Kayexalate (sodium polystyrene sulfonate), a cation exchange resin often used to treat hyperkalemia, is known to produce gastrointestinal complications in a minority of patients. These complications range from mild gastrointestinal bleeding to perforation with acute abdomen. The typical histopathologic findings include mucosal ulceration, necrosis, and the presence of polygonal basophilic refractile crystals with a "fish scale" appearance. We present a unique case of Kayexalate crystals embedded in a perihepatic inflammatory pseudotumor, developing adjacent to a colostomy site in a 62-year-old woman following Kayexalate treatment. Microscopically, the lesion demonstrated a myofibroblastic proliferation rich in histiocytes and inflammation (lymphocytes, plasma cells, and eosinophils) as well as the presence of scattered typical Kayexalate crystals. This is the first report of extraintestinal Kayexalate identification in association with an inflammatory pseudotumor.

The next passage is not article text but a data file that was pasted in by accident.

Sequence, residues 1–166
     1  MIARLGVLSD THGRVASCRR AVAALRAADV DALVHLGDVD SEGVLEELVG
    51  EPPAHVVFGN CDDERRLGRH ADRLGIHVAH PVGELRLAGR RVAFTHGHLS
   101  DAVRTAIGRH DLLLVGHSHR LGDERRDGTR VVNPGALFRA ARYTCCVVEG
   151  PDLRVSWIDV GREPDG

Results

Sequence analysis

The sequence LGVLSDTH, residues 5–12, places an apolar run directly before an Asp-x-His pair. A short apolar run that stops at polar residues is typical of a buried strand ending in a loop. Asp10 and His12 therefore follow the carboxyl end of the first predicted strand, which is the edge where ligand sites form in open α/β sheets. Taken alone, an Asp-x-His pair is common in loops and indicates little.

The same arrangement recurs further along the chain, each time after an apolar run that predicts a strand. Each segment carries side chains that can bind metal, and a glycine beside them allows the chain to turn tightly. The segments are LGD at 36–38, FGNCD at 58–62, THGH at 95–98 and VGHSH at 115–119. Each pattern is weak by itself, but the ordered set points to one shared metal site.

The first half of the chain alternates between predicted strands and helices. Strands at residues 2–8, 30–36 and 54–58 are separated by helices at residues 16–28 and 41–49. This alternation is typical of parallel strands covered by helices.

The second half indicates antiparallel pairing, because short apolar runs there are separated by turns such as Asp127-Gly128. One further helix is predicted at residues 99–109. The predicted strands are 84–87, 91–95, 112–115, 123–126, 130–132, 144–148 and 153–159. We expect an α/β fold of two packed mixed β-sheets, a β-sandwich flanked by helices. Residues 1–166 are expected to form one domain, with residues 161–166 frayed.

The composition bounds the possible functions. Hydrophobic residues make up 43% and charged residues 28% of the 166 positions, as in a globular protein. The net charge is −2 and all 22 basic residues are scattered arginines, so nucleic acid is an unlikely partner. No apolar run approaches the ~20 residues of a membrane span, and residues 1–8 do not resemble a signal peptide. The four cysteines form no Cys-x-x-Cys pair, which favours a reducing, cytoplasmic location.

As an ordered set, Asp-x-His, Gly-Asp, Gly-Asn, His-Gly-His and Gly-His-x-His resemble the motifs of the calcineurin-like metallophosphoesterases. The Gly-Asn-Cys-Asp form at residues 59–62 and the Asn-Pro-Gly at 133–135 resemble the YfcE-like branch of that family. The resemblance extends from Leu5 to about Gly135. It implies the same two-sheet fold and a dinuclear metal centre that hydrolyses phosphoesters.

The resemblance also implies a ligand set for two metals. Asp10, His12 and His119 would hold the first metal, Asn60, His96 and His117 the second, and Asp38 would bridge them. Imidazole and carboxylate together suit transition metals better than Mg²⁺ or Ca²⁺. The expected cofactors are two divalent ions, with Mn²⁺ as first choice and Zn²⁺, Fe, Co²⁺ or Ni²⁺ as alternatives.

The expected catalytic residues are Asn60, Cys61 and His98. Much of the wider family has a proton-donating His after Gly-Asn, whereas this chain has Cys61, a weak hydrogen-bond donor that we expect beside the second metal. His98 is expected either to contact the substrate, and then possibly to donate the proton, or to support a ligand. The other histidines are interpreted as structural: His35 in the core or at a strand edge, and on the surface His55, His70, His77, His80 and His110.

- inflammatory pseudotumor
- perihepatic pseudotumor
ASJC Scopus subject areas
- Pathology and Forensic Medicine